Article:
Why start your own music service when you can partner with an existing one? It appears that Google might have asked itself this question. Last week we heard that Google’s talks with music labels were slowing, perhaps to a halt. Apparently they keep wanting more, and the idea of adding a subscription service to its already planned storefront and music locker is causing some issues. While I still think a deal will get done, Google has to explore other options in case one does not. One possibility, as Greg Sandoval of CNET reports, is a partnership with Spotify. That could certainly make things intersting.
For those unfamiliar, Spotify is a service that provides unlimited streaming music. It is similar in many ways to Grooveshark, except that the music is licensed. Well, that, and it is only available in some European countries. The company has stated its desire to enter the US market, though. What better vehicle to bring them there than Google and Android? Spotify, of course, denies this, but that’s to be expected. When you talk to official spokespeople you rarely get answers. Considering both Google’s and Spotify’s current positions, it’s not difficult to imagine that they’ve spoken, at least casually, about a partnership.
As I’ve repeated ad infinitum, the one area where I think Android most sorely lags behind Apple is in music management. It’s not that Android lacks options. There are plenty of media players that have desktop sync apps as well, and most of these also sync with iTunes. That makes things a bit more convenient, but it’s not quite like Apple, which has made ubiquitous its iTunes media player (at least on Apple computers) and its iTunes store. Android doesn’t have that native function. There was hope, and for about a year we’ve been anticipating Google’s next move in that regard. It was a disappointment late last week when we learned that Google’s talks with record labels stalled. Yesterday we got further disappointing news.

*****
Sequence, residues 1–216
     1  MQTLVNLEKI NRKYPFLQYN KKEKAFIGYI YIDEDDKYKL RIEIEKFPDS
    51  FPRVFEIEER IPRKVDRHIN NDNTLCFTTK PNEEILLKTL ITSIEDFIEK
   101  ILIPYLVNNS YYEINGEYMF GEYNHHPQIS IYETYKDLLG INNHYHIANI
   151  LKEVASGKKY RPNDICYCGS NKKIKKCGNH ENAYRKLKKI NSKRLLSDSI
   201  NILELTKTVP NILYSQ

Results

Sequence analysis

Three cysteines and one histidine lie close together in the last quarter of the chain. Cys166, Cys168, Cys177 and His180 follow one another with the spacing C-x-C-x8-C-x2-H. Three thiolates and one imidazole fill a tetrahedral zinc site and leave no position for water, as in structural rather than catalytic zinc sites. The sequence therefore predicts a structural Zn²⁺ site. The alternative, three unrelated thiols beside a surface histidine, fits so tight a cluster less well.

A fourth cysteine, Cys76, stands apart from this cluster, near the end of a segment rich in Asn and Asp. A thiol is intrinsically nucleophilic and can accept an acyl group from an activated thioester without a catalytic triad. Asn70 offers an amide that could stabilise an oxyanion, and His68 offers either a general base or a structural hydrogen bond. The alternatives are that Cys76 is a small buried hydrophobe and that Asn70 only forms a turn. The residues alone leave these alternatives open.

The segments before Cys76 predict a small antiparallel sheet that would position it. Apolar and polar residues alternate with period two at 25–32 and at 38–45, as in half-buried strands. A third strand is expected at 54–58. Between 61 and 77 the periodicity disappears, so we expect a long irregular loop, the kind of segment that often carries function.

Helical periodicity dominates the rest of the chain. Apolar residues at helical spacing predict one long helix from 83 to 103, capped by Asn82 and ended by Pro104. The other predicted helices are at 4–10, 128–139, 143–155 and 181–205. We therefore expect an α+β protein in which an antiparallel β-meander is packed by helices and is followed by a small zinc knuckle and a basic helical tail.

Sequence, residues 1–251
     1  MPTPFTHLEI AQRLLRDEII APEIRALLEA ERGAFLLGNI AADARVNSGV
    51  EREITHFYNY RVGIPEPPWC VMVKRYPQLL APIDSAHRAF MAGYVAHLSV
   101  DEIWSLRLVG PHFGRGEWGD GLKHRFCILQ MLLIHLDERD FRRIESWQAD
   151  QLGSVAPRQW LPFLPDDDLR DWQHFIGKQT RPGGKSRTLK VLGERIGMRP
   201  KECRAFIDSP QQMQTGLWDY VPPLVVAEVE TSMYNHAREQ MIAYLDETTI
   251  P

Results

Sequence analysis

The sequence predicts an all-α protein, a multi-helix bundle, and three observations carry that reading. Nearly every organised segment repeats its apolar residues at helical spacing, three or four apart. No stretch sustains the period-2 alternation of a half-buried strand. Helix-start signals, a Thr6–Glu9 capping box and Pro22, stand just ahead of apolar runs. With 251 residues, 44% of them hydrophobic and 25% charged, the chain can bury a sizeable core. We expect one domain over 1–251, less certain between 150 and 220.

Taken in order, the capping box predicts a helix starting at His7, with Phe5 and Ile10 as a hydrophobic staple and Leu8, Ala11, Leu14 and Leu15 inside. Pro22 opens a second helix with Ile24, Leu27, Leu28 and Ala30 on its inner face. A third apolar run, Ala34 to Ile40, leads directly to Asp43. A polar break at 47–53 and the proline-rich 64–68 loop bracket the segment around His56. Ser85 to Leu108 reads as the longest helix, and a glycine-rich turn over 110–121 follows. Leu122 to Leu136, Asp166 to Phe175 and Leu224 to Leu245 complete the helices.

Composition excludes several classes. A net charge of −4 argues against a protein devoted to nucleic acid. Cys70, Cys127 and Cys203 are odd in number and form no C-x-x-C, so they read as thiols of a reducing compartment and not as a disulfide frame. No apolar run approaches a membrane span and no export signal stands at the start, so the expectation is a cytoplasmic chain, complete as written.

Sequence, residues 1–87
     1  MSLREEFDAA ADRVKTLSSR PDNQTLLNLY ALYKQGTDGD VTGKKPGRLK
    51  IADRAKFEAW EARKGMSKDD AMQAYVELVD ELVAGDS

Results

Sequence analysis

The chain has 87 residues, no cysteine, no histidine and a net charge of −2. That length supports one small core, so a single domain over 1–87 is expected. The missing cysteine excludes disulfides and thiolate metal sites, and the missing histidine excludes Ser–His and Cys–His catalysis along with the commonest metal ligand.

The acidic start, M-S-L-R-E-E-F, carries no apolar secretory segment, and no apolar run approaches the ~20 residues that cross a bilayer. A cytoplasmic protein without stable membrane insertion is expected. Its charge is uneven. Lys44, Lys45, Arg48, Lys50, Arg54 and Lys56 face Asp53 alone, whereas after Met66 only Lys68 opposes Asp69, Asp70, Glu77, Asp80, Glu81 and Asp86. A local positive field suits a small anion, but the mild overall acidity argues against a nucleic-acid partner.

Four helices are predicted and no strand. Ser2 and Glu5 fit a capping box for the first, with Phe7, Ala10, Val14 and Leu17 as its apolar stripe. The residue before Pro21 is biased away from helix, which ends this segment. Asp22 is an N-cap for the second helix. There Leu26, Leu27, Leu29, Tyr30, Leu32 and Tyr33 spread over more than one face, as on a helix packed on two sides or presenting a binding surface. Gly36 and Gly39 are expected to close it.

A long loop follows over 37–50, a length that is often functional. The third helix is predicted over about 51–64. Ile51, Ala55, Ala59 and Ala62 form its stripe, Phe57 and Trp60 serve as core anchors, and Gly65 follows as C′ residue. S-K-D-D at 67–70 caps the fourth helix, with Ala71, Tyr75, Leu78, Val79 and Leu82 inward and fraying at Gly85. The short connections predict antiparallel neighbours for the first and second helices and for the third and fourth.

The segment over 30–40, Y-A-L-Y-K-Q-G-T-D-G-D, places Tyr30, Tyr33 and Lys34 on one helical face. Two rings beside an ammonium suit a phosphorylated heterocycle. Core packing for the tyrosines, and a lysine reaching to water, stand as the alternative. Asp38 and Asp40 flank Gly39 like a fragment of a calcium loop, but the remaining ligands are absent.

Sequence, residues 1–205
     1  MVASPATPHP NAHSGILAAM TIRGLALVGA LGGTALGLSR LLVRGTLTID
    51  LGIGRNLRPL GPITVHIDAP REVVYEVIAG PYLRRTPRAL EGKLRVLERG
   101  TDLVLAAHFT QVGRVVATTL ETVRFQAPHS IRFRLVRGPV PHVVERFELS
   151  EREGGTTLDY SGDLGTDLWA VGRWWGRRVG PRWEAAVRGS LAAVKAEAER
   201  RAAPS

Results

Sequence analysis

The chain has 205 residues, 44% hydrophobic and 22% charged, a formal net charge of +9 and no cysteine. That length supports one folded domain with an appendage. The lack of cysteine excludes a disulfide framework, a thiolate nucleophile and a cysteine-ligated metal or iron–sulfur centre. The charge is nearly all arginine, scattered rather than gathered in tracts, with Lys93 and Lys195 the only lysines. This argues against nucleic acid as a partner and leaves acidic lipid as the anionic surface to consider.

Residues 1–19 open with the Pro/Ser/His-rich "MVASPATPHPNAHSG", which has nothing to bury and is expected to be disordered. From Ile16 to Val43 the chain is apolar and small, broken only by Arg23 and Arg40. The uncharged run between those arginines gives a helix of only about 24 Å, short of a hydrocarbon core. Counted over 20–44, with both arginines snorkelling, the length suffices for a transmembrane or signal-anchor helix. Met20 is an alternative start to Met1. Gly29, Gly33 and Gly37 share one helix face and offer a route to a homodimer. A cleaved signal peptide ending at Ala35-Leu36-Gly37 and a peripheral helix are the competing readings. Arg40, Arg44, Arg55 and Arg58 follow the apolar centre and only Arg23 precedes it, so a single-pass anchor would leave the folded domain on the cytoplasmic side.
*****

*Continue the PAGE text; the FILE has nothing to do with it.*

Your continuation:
This was more of an emotional disappointment than an actual setback for Google. Though their talks with record labels might have hit a temporary impasse, I expect something will still get done in the near future. It’s really in everyone’s best interests. Google needs to deliver its Android users a better music experience, and record labels, perpetual whiners about declining income, stand to make significant bank on the deal. But to have Apple beat them to the punch? That just hurts. According to a Reuters report, that just might be the case. Commence sobbing.
Seriously, this happens to me all the time. I’m listening to a song on my Android, since it’s my primary MP3 player, and I’ll run across a lyric I want to look up. Maybe it’s because I find the line particularly meaningful, or maybe, because I listen to a lot of metal, I can’t understand it. Either way, this oftentimes means a run-in with the worst types of sites on the internet. No one wants to visit a lyrics site. They flash, they pop up, and they’re generally obnoxious. That’s why I’m immediately installing Lyrics App. It shows me the lyrics to my currently playing song.
Now, instead of going to a lyrics site, I just have to drag down the notifications bar, and there it is. I can click right into it, and there are the lyrics to the song. Then I can have satisfaction in knowing the lyrics, either for my own knowledge, or, if I’m feeling a bit expressive, for the knowledge of my Twitter followers. Either way, it’s a simple way to get lyrics when you want them, without having to look up something in the browser — never mind having to navigate to unpleasant sites that make me cringe every time I visit.
Note about Grooveshark included after the jump.